The MLRS does what it looks like it does. This model has forty rockets and it can very quickly launch all or just some of them. But it’s more of an area fire weapon, which means that it’s meant to saturate a target area with a lot of fire. Grad translates to Hail and you can get a sense from that word what the system is meant to do. The Msta-S is basically a big artillery gun put onto a tank’s body so that it can move around on its own without having to be towed into place. With the bigger gun, these things can do a lot of damage on their own.

Neither of them, however, would be defended against with a no-fly zone. To engage them would be more of a proper and conventional war, using aircraft and drones to take out targets of opportunity as they emerge from hiding places. Instead of just taking out Russian planes over Ukraine, Russian SAM sites on the Russian side of the Russo-Ukrainian border, and airfields deep inside Russia, now we’d be bombing Russian units operating on the ground in Ukraine.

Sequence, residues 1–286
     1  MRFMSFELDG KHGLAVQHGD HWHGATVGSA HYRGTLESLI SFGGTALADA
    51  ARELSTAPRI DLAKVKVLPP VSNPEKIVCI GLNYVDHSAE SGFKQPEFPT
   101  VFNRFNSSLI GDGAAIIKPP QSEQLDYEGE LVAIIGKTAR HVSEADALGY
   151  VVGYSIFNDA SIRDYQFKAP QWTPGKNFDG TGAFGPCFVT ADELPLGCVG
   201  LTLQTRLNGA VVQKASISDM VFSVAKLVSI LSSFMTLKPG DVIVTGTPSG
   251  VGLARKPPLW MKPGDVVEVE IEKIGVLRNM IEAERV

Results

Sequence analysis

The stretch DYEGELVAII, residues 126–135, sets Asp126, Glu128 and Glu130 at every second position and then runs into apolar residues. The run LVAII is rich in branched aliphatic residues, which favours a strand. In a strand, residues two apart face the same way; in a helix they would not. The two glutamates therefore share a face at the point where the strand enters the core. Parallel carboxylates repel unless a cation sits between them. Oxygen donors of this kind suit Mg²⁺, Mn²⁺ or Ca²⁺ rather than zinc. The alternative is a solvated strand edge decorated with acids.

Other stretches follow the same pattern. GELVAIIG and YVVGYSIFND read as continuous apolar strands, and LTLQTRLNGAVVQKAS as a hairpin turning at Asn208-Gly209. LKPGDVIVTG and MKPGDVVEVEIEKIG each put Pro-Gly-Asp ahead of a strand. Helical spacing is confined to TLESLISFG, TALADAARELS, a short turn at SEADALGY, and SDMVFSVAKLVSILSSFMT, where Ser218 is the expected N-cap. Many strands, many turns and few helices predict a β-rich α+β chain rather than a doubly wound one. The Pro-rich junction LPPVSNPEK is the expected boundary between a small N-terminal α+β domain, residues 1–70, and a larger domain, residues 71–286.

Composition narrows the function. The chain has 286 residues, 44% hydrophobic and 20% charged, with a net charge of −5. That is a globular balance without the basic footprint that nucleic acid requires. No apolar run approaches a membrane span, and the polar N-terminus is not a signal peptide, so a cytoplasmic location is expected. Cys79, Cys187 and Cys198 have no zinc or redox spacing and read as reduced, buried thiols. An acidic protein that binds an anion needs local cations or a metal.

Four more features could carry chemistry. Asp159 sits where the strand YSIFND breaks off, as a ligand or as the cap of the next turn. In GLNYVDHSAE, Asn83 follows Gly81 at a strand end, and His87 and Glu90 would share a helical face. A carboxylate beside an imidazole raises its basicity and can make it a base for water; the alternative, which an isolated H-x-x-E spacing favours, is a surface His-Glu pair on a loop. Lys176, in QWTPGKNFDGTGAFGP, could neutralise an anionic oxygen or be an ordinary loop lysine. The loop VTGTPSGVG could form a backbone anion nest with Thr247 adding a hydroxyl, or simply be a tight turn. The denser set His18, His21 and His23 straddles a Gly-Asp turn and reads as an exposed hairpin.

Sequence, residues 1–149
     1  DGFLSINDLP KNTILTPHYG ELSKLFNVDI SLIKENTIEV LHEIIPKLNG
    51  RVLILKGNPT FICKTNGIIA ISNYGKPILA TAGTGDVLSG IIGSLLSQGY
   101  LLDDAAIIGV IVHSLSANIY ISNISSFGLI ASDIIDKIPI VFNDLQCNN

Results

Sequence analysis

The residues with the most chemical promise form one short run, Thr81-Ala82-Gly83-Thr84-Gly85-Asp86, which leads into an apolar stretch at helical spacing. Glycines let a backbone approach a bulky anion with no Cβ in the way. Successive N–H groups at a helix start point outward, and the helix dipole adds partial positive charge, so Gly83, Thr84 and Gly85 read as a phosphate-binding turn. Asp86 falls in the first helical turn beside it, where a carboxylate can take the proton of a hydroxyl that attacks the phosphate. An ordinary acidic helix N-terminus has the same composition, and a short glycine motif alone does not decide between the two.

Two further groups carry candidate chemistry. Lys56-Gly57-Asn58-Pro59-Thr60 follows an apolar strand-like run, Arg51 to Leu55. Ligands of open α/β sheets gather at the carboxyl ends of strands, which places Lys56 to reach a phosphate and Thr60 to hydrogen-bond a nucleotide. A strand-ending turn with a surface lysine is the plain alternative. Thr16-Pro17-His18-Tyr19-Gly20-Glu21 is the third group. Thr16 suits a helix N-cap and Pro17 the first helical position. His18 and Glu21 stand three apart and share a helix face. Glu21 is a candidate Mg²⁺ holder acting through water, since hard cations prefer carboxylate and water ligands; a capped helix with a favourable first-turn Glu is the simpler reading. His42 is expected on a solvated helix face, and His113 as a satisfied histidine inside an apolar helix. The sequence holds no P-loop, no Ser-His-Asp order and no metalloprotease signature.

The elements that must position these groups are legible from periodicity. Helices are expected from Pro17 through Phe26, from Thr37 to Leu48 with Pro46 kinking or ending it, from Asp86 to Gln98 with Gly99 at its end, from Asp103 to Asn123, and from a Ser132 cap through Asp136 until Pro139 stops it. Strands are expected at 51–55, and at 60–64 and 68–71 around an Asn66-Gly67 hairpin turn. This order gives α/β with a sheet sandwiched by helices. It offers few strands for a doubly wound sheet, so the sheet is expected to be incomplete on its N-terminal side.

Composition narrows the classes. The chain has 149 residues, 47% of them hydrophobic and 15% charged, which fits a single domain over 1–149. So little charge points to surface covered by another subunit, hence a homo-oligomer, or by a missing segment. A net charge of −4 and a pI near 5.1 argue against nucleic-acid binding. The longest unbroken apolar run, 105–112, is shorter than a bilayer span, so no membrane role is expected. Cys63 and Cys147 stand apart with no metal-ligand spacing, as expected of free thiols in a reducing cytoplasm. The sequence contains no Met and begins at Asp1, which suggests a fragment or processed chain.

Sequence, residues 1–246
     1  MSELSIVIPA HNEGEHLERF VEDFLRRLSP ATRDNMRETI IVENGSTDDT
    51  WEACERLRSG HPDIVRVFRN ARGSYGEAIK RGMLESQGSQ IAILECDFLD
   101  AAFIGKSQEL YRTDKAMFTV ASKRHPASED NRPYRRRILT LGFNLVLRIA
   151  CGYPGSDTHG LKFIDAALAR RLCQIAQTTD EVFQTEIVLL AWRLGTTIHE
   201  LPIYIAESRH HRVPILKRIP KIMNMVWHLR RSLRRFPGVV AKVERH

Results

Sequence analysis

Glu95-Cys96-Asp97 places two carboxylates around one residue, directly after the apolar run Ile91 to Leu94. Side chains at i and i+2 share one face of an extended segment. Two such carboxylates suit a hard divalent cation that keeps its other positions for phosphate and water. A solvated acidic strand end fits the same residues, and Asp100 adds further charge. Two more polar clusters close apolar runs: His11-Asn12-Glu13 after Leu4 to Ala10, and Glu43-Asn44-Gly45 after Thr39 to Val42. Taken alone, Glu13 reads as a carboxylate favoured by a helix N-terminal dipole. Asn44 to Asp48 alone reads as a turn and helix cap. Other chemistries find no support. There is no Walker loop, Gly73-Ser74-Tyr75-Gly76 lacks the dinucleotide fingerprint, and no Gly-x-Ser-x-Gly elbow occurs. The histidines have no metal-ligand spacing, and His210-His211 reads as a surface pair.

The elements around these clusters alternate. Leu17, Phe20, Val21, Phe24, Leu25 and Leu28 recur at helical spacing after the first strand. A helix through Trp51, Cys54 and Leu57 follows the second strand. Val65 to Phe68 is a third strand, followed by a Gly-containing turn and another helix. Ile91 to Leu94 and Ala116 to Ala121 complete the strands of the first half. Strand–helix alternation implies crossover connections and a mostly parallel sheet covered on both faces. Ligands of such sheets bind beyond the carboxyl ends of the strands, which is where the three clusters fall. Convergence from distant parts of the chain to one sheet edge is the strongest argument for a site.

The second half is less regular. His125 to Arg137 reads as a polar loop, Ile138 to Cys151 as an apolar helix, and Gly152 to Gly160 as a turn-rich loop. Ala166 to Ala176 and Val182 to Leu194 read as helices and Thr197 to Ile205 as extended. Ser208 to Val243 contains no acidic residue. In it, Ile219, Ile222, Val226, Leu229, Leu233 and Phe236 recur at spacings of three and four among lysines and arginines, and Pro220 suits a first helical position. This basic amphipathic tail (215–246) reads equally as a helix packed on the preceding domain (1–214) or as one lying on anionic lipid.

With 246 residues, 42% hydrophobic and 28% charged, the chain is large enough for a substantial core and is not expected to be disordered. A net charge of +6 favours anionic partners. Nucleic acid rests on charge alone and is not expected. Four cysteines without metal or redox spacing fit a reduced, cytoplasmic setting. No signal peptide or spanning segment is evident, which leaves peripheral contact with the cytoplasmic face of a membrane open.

A no-fly zone means war with Russia. And that’s bad, because Russia’s military is smaller and less capable than all of NATO, but Russia likely would not hesitate to use chemical, biological, or nuclear weapons against NATO targets should NATO become actively involved. Russia would then be effectively put into a corner and it has a sizeable stockpile of tactical nuclear weapons and has the doctrines to use them.

I don’t want to alarm people, so let’s take a brief aside to talk nukes. A tactical nuke is not the same thing as the nuclear weapons we associate with giant mushroom clouds obliterating entire cities. Those are strategic nuclear weapons deployed from an intercontinental ballistic missiles (ICBMs), which are themselves different from the short-range ballistic missiles Russia has been using throughout this war. A tactical nuclear weapon typically will have a size of 1 to 1,000 kilotons. A strategic weapon could be in the range of 30,000–50,000 kilotons (some smaller, some larger). For context, the bomb that the US dropped on Hiroshima was about 15 kilotons.